- Time – It typically takes 6+ months to bring on a senior hire with numerous interview cycles, chewing up your time and your team’s time. Important projects can also be delayed. Missing your market window can be existentially important, determining whether you win or lose. Interim or fractional executives can fill critical talent gaps within weeks. This individual may eventually end up joining full time, or you can decide to keep them engaged long term on a fractional basis.
Are There Any Risks Involved in Engaging Fractional Executives?
- Loyalty – While full time employees may have more loyalty to a company in the long term, it is in the fractional executive’s best interests to maintain strong relationships with all of their clients given time and opportunity costs of finding new clients, as well as their desire to have strong references.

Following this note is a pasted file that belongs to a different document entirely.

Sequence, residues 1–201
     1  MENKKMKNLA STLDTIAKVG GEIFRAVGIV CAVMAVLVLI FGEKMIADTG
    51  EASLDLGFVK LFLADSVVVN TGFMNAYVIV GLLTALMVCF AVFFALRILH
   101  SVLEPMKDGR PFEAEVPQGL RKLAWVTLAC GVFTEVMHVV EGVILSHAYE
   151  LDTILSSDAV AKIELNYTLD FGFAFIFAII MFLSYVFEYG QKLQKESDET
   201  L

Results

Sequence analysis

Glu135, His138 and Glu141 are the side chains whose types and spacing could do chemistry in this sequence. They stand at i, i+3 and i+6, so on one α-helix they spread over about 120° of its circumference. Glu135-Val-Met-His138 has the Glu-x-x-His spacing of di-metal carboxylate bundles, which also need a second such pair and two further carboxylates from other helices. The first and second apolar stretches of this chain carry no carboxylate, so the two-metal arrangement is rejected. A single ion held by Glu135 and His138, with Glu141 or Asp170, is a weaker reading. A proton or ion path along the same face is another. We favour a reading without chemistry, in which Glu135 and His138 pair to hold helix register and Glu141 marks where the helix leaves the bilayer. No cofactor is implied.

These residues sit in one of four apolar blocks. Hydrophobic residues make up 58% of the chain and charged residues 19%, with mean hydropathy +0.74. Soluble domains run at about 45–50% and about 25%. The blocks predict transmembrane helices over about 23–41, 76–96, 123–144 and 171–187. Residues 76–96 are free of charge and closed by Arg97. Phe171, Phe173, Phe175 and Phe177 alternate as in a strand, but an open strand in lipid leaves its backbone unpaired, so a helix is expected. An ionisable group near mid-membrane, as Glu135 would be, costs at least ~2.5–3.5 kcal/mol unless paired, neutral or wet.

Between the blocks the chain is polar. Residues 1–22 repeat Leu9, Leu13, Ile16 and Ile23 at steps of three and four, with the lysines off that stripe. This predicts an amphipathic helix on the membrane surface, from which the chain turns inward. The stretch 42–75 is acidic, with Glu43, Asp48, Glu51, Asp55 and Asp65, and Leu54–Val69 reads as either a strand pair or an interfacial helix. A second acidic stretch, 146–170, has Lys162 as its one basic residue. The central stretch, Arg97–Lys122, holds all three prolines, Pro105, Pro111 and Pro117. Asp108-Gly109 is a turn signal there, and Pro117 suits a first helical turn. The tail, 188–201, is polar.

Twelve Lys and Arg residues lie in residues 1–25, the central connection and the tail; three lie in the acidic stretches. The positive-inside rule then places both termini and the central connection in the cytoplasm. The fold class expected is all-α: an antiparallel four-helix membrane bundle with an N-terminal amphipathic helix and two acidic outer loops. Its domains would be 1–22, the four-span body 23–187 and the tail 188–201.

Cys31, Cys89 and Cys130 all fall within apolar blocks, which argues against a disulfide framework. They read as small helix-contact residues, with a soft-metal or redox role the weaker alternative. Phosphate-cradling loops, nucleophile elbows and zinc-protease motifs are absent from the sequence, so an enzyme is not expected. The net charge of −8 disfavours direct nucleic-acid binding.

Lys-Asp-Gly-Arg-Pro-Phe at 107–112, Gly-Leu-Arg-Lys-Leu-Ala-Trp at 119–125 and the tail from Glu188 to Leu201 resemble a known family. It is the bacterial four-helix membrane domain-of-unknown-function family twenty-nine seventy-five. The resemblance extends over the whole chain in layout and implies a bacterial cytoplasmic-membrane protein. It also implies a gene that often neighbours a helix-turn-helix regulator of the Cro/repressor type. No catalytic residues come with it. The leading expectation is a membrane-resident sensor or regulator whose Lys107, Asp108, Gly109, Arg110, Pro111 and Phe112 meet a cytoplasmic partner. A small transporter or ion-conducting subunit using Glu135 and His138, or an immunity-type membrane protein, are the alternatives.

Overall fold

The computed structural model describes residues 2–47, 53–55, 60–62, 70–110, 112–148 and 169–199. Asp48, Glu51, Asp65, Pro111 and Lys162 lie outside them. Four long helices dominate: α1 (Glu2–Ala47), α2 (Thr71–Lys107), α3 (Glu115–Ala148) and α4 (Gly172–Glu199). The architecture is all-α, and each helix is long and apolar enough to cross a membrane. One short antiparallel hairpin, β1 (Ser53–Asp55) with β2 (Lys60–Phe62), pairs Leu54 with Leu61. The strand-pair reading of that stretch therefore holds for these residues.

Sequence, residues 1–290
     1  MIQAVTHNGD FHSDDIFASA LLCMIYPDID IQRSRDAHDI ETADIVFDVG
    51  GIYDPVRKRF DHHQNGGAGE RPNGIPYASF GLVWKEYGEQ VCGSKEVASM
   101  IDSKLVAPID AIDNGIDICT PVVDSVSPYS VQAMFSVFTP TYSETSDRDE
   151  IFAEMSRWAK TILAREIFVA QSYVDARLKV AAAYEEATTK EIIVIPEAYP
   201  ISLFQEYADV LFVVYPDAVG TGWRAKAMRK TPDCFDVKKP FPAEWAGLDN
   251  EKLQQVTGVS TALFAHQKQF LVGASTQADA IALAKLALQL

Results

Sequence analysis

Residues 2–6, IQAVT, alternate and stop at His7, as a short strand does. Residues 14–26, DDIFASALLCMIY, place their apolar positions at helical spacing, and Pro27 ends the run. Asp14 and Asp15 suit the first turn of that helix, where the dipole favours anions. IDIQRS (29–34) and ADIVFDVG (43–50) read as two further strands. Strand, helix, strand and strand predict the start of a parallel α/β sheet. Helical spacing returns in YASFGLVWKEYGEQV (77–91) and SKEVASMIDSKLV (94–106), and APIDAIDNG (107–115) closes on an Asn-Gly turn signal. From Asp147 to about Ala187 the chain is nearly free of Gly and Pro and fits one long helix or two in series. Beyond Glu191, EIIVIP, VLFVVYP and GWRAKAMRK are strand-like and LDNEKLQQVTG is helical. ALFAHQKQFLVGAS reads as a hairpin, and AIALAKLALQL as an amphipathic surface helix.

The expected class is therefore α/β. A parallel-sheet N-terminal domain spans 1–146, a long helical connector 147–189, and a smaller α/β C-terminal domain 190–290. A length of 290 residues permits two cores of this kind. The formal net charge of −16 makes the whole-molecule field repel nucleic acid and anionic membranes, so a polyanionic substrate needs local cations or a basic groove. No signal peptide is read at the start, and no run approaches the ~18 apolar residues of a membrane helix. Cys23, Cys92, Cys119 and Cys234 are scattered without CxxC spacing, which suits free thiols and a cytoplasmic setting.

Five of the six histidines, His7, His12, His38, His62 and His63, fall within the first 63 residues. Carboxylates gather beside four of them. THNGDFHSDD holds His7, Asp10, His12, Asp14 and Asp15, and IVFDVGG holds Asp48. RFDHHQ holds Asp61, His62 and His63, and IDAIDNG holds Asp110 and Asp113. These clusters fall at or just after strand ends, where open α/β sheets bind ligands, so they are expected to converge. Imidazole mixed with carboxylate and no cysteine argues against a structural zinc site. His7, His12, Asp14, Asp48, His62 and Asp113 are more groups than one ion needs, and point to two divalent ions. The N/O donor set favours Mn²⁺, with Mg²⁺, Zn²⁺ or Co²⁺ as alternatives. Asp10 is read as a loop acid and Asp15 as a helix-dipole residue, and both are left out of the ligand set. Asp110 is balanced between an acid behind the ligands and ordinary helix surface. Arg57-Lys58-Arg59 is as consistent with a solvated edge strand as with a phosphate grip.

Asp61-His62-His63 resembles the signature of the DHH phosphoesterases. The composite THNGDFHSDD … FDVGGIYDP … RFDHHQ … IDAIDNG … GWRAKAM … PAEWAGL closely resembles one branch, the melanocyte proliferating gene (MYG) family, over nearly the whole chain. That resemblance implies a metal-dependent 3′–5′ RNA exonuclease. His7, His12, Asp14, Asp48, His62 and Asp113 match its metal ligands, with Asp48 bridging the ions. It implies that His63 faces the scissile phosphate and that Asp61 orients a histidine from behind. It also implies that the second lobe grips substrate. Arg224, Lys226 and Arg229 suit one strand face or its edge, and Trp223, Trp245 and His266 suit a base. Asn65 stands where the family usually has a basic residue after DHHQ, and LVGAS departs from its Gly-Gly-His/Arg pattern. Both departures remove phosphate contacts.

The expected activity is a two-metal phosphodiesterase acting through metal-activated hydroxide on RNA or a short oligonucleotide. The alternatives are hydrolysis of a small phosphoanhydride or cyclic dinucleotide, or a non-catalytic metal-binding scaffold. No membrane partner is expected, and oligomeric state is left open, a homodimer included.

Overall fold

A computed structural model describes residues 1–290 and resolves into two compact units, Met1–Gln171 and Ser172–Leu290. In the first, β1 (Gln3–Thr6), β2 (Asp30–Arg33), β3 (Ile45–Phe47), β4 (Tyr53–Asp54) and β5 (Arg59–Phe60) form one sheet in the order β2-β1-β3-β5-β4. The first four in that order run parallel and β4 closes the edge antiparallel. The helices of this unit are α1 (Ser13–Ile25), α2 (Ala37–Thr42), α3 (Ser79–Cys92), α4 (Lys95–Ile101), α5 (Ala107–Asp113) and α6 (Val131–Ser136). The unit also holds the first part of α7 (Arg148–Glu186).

- Intellectual Property theft – It is critical that employers require fractional executives to sign agreements that require confidentiality and assignment of IP they create during the time they work/consult for the business, just as they do with full time employees.
- Results – Fractional executives are incentivized to deliver strong results given their desire for referrals and good references. Employers should make sure engagement agreements with fractional executives have clear deliverables, and if possible, make these deliverables tied to overall compensation, including possibly success or equity based compensation.
What Are the Best Ways to Find Fractional or Interim Executives?
- As with full-time employees, suppliers, and partners, referrals from employees, investors and other trusted relationships are the best way to find quality fractional executives.
- Linkedin is a go-to resource for both fractional and full time hires.